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Micron Rating. What are they and why is it important?

The Filter Guys

What is a Micron?

A micron is a measurement of size. It is one millionth of a metre (1/1000000m) or a thousandth of a millimetre (1/1000mm). In filtration, a micron rating is a rating of the media’s capacity to stop dirt (it is not an efficiency rating). The micron rating will be nominal or absolute.

A nominal micron rating means that a media may be explained as 10 micron but that is a mean average, it probably varies between 5 and 15 micron over the surface of the media itself; this often applies to cellulose media which is a natural product. Engine oil and fuel filters are often nominally rated.

An absolute micron rating means that the media has a uniformed surface and will ‘do what it says on the tin.’ A 10 micron absolute filter will not allow particles of 10.1 micron or bigger through at all. Absolute filters are man made products, such as glass fibre, and are manufactured to an extremely high specification. Hydraulic filters are often absolute rated (but not necessarily for all hydraulic applications).

Why is it important?

In filtration the micron rating of the element is very important to guarantee its correct operation. The wrong type of media can mean more dirt gets through the filter than you want and this can cause wear and tear and even complete breakdowns of your engines and hydraulic equipment.

Take a lubrication system on your engine. Oil is pumped between the moving parts of the engine, this oil contains particles, if the oil isn’t filtered before being sent into the engine then wear and tear will occur. The space between moving parts may only be 30 or 40 microns. If oil contains particles of that size then dirt is going to jam and consequently build up between moving parts. Over many hours (or years) of operation with inadequate filtration this build up of dirt will cause the moving parts to jam which will cause catastrophic failure of an engine leading to expensive downtime and repair costs.

Of course, over time filters will clog with dirt too but they are easily sourced from Sterling Filtration Ltd and replaced. They hold the damaging particles so the engine doesn’t have to. A filter may cost ten, twenty, fifty, one hundred pounds and sometimes even more, but compared to the cost of downtime of a machine and the stripping and rebuilding of an engine they are easily the most cost effective way of keeping your engines and machinery running properly all of the time. See your operators manual for service intervals.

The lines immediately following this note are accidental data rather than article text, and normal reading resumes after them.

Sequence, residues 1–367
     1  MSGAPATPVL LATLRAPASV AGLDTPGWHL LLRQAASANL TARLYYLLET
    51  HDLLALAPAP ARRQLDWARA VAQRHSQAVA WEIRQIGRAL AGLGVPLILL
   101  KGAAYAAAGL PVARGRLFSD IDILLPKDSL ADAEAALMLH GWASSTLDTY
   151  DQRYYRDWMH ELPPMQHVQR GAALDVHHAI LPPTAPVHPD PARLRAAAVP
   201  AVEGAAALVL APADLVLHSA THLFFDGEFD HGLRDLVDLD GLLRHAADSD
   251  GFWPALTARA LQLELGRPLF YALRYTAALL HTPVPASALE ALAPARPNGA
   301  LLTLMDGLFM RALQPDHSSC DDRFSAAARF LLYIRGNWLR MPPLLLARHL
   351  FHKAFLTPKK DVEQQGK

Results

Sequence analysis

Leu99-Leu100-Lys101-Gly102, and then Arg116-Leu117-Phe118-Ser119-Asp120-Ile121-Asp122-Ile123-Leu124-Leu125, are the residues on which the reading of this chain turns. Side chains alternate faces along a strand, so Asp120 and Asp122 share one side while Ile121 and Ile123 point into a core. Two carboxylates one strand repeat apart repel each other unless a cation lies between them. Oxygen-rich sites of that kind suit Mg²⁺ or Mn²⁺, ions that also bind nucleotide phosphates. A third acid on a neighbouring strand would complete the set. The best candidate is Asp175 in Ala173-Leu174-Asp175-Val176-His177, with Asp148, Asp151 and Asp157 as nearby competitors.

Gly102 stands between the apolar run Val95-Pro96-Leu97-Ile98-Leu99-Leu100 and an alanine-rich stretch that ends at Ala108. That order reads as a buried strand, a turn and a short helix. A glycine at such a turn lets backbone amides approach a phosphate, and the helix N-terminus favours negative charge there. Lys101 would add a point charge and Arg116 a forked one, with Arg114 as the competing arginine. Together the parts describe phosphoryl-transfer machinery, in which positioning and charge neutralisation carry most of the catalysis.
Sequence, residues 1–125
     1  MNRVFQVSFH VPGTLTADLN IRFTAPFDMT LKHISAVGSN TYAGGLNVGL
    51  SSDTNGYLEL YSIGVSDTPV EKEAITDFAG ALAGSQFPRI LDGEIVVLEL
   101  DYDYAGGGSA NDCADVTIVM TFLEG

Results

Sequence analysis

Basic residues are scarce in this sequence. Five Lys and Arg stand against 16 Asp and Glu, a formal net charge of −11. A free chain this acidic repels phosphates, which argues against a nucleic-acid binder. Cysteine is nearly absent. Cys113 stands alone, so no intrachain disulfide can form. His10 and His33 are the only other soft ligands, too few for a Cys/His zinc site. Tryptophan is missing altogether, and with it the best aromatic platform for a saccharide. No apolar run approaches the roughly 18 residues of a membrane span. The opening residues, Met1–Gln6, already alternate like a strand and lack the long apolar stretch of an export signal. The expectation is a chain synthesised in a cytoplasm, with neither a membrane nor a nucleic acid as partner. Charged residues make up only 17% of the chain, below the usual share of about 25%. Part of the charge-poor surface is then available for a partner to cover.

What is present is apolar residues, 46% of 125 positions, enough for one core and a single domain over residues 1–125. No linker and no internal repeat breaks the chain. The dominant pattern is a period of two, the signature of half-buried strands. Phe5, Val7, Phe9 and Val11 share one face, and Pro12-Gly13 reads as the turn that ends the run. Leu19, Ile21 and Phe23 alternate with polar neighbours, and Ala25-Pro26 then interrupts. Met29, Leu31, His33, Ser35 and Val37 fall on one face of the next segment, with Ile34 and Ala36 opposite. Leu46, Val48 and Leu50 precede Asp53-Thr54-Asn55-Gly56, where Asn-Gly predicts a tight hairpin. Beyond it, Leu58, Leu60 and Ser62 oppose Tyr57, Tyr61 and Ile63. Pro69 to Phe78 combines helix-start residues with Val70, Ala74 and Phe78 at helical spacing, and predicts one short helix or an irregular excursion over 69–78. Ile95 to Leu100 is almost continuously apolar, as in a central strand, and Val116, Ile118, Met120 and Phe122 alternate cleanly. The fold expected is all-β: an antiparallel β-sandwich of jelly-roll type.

Watch Out for Dents on Liquid Filters.

The Filter Guys

Watch Out for Dents on Liquid Filters. Cracked filters can be caused by dents made during improper installation. Filters that are dented prior to or during installation should not be used. Filters dented after installation should be replaced immediately. The cost of replacing a dented filter is much less than the cost of the damages that could result from a dented filter that fails during service.

Filter fatigue results from pressure pulses within the system. Pressure is regulated by a pressure regulating valve. This valve is spring operated and intermittently opens and closes to regulate pressure. Once pressure exceeds the setting of the spring in the regulating valve, the valve will open and relief the pressure until the spring can expand and close the valve. This function is continued continuously during operation of the system, creating a pulsing effect. Filter canisters are subjected to the same pulsation. However, unlike the spring in the pressure regulating valve, canister material is susceptible to failure after such fatigue.

Filters are designed with a low carbon steel to resist fatigue and are formed so the stress created by the pulses in the system are equalised over the surface area of the canister. A dent provides an area of stress concentration where pressure pulses can greatly shorten the fatigue life of the canister.

Remember, filters should never be fitted to an engine or hydraulic system if they are dented or damaged in any way.